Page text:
Cyrano de Bergerac has been immortalised by Edmond Rostand’s 1897 play of the same name. Yet the character as portrayed by Rostand – with his excessively-enlarged nose, his almost super-human duelling skills and his ability to improvise eloquent poetic speeches – is far from an exact portrait of the real-life Cyrano of the seventeenth century. Cyrano’s brief literary career spans the genres of poetry, prose and theatre, in addition to a voluminous correspondence. Possessed of a keen intellect with an insatiable appetite for reading and for learning, he constantly experiments with, when he is not challenging outright, the established social, scientific, political and religious ideas of his day. This questioning, …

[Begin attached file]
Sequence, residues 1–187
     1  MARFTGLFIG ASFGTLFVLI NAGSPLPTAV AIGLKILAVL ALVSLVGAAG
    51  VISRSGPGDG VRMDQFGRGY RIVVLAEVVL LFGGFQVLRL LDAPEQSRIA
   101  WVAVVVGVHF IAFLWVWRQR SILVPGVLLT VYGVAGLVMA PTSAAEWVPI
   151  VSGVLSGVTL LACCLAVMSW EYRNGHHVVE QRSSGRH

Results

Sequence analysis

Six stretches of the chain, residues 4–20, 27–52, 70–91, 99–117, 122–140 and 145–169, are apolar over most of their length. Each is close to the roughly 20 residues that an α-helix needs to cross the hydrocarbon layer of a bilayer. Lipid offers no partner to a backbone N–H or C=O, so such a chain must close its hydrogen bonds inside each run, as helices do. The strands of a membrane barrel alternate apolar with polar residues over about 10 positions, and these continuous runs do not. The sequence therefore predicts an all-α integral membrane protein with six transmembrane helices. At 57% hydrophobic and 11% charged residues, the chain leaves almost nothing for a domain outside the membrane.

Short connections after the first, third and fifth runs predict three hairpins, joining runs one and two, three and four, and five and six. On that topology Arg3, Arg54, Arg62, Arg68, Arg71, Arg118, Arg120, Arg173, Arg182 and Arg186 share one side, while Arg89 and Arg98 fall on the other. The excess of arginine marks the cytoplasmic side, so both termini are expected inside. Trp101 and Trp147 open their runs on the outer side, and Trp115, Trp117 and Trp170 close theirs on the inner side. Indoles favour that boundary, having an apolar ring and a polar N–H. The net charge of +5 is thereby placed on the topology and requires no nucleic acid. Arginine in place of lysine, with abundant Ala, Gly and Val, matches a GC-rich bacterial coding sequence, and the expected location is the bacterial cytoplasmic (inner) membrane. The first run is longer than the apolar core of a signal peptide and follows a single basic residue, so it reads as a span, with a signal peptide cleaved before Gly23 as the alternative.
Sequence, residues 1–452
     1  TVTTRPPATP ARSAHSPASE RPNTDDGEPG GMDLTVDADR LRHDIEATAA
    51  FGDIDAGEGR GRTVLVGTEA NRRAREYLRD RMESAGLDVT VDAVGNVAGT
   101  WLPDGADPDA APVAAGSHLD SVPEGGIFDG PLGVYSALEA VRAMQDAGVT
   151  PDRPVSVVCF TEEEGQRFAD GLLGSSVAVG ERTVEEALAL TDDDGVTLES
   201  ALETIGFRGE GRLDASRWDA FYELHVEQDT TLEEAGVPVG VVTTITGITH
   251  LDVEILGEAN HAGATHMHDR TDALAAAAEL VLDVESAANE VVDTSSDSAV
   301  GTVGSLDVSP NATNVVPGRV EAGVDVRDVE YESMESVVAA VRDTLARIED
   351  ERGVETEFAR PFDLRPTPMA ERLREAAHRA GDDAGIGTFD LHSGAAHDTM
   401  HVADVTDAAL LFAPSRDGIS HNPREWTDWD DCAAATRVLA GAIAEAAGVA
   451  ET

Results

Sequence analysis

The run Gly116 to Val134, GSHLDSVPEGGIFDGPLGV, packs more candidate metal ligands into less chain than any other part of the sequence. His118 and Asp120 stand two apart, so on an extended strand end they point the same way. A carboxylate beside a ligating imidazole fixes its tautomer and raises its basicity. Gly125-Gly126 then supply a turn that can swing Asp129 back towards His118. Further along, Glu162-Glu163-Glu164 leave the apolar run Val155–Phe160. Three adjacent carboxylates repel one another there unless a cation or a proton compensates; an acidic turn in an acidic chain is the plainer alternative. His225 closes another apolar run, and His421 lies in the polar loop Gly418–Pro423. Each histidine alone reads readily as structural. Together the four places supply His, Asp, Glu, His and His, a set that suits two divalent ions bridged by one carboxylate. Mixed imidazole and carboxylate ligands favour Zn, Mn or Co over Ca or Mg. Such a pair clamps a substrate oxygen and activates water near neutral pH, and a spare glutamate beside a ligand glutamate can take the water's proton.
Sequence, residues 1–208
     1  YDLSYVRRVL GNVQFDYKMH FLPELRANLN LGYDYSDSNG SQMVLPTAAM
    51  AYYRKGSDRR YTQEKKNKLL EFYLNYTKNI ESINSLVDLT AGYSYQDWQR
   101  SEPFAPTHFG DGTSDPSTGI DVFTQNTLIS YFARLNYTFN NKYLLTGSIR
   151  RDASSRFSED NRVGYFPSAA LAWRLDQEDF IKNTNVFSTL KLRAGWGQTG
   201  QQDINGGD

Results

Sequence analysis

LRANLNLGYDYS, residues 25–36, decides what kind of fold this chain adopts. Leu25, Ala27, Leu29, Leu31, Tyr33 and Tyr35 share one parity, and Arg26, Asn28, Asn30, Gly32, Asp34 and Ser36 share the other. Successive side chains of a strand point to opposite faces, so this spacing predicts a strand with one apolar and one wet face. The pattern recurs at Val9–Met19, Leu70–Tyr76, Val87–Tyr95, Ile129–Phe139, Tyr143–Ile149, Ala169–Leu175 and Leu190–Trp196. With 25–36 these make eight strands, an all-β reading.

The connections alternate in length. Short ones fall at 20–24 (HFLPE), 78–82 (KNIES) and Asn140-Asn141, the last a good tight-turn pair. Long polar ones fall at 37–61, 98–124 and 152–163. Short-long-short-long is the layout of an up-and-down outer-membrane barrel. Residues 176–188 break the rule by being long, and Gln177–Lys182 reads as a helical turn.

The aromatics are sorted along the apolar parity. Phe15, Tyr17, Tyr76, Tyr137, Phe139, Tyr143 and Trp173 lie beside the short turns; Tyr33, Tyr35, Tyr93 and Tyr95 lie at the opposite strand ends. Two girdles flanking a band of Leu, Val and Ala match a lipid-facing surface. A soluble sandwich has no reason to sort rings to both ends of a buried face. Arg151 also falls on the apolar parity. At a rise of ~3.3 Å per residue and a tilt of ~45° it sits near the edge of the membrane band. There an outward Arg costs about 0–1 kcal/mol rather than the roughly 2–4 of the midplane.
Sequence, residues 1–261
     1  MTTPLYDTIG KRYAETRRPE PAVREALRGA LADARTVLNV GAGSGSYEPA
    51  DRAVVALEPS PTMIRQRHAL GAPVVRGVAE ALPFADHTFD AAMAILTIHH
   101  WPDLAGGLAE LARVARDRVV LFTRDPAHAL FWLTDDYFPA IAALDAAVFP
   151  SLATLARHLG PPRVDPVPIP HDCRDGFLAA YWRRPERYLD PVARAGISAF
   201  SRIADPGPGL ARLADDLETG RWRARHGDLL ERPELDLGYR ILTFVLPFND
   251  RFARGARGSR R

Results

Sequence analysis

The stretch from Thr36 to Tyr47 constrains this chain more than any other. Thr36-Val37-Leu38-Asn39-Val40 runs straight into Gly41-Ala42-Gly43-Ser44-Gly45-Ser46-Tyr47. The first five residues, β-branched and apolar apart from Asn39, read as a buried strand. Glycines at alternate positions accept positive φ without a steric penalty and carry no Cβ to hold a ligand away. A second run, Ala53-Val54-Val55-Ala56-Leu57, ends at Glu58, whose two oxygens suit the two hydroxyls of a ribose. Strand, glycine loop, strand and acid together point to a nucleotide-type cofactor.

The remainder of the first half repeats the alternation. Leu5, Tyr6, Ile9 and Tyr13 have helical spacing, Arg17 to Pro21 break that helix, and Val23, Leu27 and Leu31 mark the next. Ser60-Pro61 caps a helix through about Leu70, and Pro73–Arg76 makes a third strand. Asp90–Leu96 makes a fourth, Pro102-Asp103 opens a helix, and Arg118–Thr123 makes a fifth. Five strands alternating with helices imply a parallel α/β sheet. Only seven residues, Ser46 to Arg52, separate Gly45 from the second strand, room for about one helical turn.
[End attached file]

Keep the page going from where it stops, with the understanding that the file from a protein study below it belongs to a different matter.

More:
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Citation:
Horsley, Adam. "Cyrano de Bergerac". The Literary Encyclopedia. First published 22 December 2013
[http://www.litencyc.com/php/speople.php?rec=true&UID=13269, accessed 01 September 2015.]